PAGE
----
When two people who don’t know each other find themselves alone in an elevator, they invariably stand as far away from each other as possible. They certainly don’t face one another, and it’s unlikely they make eye contact or speak. If the elevator is crowded, people stare at the ceiling, at the ground, or at the floor selection buttons – doing everything they can to avoid interacting.
University of Chicago Professor Dario Maestripieri believes this behavior is an instinctive response to a perceived dangerous social situation. Professor Maestripieri, who studies the biology of social behavior of human and nonhuman primates, claims the way the mind responds to danger hasn’t changed in millions of years. In a Wired article, he writes:
Much of people’s behavior in elevators is not the result of rational thinking. The threat of aggression is not real, yet our mind responds as if it is, and produces behaviors meant to protect ourselves.
Maestripieri’s research studies behavior in rhesus macaques, primates which are evolutionarily distant from humans. If two macaque monkeys are trapped together in a small cage, they act a lot like humans in an elevator. They avoid eye contact, instead staring at some imaginary point outside the cage. The monkeys sit still in separate corners, so as not to accidentally bump into each other. Both behaviors help reduce the likelihood of a perceived threat.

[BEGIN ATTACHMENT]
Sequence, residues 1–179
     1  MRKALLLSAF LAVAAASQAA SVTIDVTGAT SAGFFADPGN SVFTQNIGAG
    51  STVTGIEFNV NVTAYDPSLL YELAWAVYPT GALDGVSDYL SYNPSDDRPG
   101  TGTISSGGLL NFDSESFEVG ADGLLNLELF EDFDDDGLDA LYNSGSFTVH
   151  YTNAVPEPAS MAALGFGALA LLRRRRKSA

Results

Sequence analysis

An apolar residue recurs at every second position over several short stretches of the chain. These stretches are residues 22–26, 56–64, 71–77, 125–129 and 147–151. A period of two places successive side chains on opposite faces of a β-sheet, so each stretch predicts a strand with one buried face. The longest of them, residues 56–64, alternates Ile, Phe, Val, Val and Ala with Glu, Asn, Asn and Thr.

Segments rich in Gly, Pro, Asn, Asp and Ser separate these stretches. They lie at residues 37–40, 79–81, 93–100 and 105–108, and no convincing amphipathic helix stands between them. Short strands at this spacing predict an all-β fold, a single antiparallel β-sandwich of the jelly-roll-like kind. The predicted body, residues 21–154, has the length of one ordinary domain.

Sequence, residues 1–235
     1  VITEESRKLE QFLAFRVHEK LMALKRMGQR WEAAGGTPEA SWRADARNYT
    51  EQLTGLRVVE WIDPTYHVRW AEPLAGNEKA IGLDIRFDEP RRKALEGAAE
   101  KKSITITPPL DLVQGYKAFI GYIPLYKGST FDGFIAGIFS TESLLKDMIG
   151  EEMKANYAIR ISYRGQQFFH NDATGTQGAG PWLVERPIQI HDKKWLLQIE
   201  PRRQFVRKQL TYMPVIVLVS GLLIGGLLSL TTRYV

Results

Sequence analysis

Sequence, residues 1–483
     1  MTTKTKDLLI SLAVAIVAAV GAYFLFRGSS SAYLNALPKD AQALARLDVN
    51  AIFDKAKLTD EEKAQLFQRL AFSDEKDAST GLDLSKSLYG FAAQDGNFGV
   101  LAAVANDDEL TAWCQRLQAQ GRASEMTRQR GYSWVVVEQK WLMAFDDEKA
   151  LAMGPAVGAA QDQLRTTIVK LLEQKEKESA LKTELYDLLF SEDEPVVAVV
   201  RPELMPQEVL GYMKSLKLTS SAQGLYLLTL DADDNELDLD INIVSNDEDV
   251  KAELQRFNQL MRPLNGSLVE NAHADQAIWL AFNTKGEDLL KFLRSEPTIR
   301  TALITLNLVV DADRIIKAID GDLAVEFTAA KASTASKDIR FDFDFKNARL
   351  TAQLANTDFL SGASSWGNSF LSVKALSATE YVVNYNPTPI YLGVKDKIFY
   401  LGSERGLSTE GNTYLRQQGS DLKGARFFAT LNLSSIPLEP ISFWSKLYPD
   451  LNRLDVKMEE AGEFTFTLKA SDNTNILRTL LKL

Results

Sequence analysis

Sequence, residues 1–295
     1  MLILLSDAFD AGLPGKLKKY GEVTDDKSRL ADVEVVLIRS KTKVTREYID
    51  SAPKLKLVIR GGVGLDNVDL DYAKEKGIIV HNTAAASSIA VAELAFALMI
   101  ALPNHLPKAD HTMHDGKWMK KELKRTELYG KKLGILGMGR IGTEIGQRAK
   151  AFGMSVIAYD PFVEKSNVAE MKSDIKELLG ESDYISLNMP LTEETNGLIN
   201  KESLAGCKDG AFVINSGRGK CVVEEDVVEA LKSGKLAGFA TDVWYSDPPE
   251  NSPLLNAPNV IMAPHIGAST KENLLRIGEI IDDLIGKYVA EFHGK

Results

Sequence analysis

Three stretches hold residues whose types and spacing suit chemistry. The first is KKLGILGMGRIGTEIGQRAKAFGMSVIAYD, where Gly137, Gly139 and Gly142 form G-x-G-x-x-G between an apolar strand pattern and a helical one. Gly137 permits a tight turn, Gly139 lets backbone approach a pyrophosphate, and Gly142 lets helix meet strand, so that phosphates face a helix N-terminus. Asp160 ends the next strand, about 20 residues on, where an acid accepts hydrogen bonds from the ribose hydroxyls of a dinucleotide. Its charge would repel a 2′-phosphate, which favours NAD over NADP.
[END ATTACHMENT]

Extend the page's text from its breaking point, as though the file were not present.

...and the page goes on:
Despite these precautions, without a stress release, tension between the two monkeys will increase and eventually one of them will lose their temper. To avoid this eventuality, macaques bare their teeth – “the evolutionary precursor of the human smile.” Smiling often precedes mutual grooming which in turn eliminates the likelihood of aggression.
Maestripieri can be controversial but his conclusions seem sound. If you find yourself alone with a stranger in an elevator, don’t stare at the floor. Instead eliminate the tension by smiling. Just don’t start grooming them too – behavior is already odd enough in elevators.